BASSETERRE, St. Kitts — As the government of St. Kitts and Nevis continues its careful and managed approach to opening up the nation’s borders to visitors, businesses engaged in the tourism and hospitality sectors are being encouraged to rethink the way they do business to tap into the local market.
The hospitality sector, which has essentially been closed since March 2020, is one of the industries impacted hardest by the COVID-19 pandemic.
The government continues to take the necessary steps toward restoring the hotel and hospitality sector back to a state of near normalcy during the last quarter of 2020, according to Prime Minister Dr. the Honourable Timothy Harris, during his appearance on Tuesday night’s edition of Leadership Matters.
“Our next big task is our hotel and hospitality sector,” said Dr. Harris. “Most persons are optimistic that in good time we will see the place opening up, especially our hotel sector. This is the most challenging since this calls for the opening up of our borders to larger and more regular influx of persons many of whom will be returning from areas which are coronavirus hotspots, meaning the likelihood that they will transmit the virus on arrival is greater.”
The significant relaxation in COVID-19 regulations in the country over time has allowed for citizens and residents to return to some semblance of normalcy with respect to their economic and social lives.
Against this backdrop, Prime Minister Harris is urging tourism dependent businesses, such as hotels, to begin to offer special services tailored specifically for locals.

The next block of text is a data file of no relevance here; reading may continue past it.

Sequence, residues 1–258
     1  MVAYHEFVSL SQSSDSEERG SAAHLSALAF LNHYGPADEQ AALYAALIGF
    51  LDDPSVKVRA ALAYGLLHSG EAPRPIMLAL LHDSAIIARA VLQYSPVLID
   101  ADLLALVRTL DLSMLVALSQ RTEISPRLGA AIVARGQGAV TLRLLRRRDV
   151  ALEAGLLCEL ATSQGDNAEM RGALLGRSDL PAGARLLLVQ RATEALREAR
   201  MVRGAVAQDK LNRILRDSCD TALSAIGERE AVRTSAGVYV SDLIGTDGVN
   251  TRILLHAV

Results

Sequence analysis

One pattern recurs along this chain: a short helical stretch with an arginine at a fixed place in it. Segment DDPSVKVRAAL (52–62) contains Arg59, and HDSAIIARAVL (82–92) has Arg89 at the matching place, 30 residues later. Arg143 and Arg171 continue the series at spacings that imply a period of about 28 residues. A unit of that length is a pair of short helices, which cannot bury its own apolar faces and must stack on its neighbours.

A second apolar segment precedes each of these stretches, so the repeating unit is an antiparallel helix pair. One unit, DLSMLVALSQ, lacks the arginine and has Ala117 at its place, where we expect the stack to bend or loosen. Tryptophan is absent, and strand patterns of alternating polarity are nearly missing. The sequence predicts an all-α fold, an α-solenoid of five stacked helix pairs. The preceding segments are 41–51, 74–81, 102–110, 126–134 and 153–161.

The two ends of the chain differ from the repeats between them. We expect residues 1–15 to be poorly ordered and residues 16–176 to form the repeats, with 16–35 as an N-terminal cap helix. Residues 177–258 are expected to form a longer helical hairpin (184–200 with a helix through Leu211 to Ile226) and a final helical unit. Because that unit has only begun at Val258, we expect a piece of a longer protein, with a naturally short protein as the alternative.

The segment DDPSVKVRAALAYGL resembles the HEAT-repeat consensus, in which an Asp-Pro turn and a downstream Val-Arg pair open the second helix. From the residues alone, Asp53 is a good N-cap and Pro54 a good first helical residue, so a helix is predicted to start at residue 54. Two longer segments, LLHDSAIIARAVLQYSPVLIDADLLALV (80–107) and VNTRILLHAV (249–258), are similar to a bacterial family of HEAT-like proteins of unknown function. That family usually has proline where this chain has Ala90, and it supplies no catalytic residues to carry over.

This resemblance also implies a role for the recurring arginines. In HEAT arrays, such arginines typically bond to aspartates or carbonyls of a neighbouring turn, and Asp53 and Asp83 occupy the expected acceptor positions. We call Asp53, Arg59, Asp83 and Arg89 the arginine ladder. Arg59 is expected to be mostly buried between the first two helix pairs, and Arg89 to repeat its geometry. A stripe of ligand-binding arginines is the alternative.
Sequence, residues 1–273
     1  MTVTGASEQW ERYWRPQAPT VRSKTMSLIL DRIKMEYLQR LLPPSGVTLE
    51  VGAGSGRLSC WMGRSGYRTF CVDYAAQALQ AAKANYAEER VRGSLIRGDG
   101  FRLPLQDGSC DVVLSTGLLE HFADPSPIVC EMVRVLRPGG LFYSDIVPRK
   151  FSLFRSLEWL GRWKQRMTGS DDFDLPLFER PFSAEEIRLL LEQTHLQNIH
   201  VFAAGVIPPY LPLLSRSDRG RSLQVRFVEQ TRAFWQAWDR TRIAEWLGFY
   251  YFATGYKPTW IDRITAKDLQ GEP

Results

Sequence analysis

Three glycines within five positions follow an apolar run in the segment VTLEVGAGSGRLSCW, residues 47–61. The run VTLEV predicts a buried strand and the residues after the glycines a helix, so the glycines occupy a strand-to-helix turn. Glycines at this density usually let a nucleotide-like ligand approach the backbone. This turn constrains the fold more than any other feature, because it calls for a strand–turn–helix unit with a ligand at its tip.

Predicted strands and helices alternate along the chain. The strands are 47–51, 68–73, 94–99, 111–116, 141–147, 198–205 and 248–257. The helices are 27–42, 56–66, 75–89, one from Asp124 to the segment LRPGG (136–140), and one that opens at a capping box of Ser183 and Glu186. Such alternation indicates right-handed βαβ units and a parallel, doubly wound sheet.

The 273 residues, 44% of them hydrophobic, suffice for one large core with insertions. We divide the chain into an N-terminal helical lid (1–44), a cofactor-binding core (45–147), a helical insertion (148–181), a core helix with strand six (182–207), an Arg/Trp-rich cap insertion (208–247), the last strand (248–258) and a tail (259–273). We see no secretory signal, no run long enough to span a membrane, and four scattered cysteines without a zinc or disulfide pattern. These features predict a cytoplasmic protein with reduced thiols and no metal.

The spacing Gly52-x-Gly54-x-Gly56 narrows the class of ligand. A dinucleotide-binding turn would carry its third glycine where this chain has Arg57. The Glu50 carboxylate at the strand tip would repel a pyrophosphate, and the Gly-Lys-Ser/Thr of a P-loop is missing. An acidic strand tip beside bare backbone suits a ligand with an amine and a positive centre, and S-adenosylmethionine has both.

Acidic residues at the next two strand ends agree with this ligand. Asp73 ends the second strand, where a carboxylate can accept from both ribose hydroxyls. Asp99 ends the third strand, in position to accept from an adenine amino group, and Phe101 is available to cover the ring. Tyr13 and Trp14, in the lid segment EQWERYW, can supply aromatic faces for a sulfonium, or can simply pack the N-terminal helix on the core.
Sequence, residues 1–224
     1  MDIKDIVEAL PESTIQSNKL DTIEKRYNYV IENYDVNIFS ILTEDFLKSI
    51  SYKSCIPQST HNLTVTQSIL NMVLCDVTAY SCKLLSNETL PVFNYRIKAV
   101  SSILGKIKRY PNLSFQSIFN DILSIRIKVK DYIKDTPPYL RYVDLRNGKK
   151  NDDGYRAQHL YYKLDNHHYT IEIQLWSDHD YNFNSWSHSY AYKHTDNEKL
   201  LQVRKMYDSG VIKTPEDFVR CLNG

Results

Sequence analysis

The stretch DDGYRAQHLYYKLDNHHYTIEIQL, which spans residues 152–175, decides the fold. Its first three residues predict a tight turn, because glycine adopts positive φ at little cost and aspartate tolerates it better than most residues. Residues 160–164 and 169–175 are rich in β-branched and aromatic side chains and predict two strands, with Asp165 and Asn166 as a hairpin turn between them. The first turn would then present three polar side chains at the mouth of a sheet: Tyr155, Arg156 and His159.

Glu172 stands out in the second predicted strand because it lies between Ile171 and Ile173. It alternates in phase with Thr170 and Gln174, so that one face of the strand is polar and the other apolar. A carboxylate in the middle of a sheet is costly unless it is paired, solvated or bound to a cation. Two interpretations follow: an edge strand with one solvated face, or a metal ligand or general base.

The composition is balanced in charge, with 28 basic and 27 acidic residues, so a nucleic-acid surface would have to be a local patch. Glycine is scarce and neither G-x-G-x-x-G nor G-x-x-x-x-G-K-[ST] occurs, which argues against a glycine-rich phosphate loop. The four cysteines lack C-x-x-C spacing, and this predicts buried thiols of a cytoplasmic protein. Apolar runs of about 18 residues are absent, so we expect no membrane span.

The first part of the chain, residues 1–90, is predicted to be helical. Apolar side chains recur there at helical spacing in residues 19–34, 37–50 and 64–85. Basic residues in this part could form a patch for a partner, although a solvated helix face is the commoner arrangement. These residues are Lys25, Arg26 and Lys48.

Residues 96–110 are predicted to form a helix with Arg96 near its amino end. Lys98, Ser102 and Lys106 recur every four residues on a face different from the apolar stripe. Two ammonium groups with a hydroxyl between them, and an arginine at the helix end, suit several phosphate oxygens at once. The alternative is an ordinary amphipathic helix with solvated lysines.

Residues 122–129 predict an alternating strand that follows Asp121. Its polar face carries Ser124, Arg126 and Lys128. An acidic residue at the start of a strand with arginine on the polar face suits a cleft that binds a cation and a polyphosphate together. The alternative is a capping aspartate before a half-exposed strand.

“Whether it is catamarans, water sports or other facilities, there is a business opportunity,” said Dr. Harris. “Even our taxi people have to begin to look at the build out and new range of services. So, it’s not just taking people over to Frigate Bay. You could develop something competitive to take somebody from the terminal to the hospital, for example. Or take them to shop.
“These are the new areas people have to think about, how can we earn something in this winter season of the tourism product,” said Dr. Harris. “Think of winter in terms of the absence…or the hard difficult period of the tourism sector.
“Even as we begin to think about opening, hotels have to build in – and some have already, but perhaps it has to be better promoted – special programmes for families to come and to stay and to make the rates almost giveaway. You lose on the rooms, but you gain through the restaurants and other supports and you keep an activity there that draws other people to come. These are some things that are happening elsewhere.”
St. Kitts Tourism Authority Chief Executive Officer Ms. Racquel Brown noted the Ministry of Tourism met with stakeholders within the sector, particularly those engaged in water-based activities, and held discussions on introducing special rates for locals.
“They have local rates, but I’m sure they are going to look into revising them considering the extension of summer and us not having visitors come to the island internationally or regional,” Brown added.